Arrow-right Camera
The Spokesman-Review Newspaper
Spokane, Washington  Est. May 19, 1883

Message of ‘Cabaret,’ at Spokane Civic Theatre, is still relevant today

Aubree Peterson sings “Mein Herr” as Sally Bowles in “Cabaret.” (Emma Ostrom)

This weekend, Spokane Civic Theatre will open its studio production of “Cabaret,” John Kander and Fred Ebb’s beloved and societally confrontational tour through the seedy, vaudevillian nightlife of 1930s Berlin.

Set in the aftermath of Germany’s Weimar Republic, “Cabaret” is based on John Van Druten’s play “I Am a Camera” adapted from Christopher Isherwood’s 1939 novel “Goodbye to Berlin.”

Audience members familiar with the 1972 film of the same name starring Liza Minnelli might be surprised by some of the drastic plot differences between the two, but the driving message remains unchanged.

The story follows Sally Bowles (Aubree Peterson), a British cabaret singer, and a group of Berliners as they more or less avoid facing the strange new reality toward which the country is headed.

“The show is still so relevant,” Peterson said. “I wanted to be a part of it in any way I could. It’s an important piece of theater, and the music – I just couldn’t keep myself away from the show.”

“Willkommen, Bienvenue, Welcome!” the emcee (Mathias Oliver) greets the international guests of the Kit Kat Klub as he and the other cabaret performers begin the evening’s entertainment.

At a nearby train station, we are introduced to Cliff Bradshaw (Joshua Baig), an American writer working his way through Berlin. While looking for a boarding house, Cliff meets Ernst Ludwig (Chad Herrmann), a German hoping to sharpen his English.

Ernst takes Cliff to Fraulein Schneider’s (Rebecca Craven) boarding house where after some convincing, she agrees to let Cliff stay for half price. From the boarding house, we follow Cliff back to the Kit Kat Klub.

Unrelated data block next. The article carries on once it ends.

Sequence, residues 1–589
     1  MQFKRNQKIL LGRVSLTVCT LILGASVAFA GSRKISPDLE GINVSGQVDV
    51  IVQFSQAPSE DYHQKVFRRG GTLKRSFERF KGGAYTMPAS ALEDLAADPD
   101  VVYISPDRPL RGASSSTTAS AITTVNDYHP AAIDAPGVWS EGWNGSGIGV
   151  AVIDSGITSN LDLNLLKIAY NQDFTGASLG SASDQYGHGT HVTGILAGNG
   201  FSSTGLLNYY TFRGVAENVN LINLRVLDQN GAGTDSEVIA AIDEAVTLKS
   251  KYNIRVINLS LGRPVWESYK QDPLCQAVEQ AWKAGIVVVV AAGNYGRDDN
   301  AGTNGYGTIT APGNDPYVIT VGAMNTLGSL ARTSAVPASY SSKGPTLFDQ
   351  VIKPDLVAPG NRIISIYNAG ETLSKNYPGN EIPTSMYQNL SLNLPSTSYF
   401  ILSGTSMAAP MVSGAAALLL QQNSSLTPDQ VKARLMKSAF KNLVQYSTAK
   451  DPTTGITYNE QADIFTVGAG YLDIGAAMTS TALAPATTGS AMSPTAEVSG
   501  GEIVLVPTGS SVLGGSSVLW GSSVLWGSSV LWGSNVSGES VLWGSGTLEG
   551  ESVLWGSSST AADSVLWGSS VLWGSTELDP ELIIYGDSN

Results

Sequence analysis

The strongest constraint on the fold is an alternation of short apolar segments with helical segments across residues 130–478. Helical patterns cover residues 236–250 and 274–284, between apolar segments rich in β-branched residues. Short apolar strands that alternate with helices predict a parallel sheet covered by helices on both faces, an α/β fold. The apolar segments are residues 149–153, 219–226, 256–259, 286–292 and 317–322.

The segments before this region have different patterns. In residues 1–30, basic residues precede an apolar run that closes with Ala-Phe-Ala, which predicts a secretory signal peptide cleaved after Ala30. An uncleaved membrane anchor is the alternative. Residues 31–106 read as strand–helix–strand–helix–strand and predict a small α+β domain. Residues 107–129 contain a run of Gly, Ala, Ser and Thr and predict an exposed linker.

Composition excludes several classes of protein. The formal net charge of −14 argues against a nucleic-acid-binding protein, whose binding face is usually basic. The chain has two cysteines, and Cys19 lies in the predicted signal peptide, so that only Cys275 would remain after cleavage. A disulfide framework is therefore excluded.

Onstage, Sally performs “Don’t Tell Mama” and a few other campy seductive numbers to uproarious applause. Cliff and Sally meet after the show, immediately taking a liking to each other. Sally’s jealous boyfriend Max (Nicholas Roy Morgan), the owner of the club, notices their interaction.

“Sally has this very strong personality,” Peterson said. “But she’s forced to adapt as her circumstances change throughout the show. She goes through so much; you really get to see a different side of Sally. At the end of the day, she’s just a flawed human with hidden feelings. I find that very relatable.”

The next morning, after Max has fired Sally and thrown her out of the club, she runs to Cliff’s room in the boarding house. With no place left to stay, Sally begs Cliff and Fraulein Schneider to let her stay until she can find somewhere else to go.

Also living in the boarding house we find Herr Schultz (Kim Berg), an elderly Jewish fruit-seller. A relationship begins to form between Herr Schultz and Frau Schneider; she worries about the threatening tide of anti-Jewish propaganda, while Shultz is blinded by faith in the fatherland.

“Inside the club everyone is indifferent,” Peterson said. A sinister reprise of the emcee’s “Willkommen” hints that this indifference will only intensify, the clubgoers sinking deeper and deeper into the bleakly decadent party culture of Berlin.

As the play unfolds, the action is intermittently interrupted by musical numbers on the Kit Kat Klub stage, always metaphorically significant to the surrounding dialogue.

The majority of these showcase the widespread apathy and social indifference of post-Weimar Germany. Songs like “Tomorrow Belongs to Me” and “If You Could See Her” illustrate how easily and insidiously the seeds of fascism were planted.

“I think the biggest theme is forcing yourself to look beyond the surface,” Peterson said, referencing the willful ignorance of Herr Schultz. “All of the characters are affected by what’s happening, but a lot of that is under the surface – it isn’t shown right away.”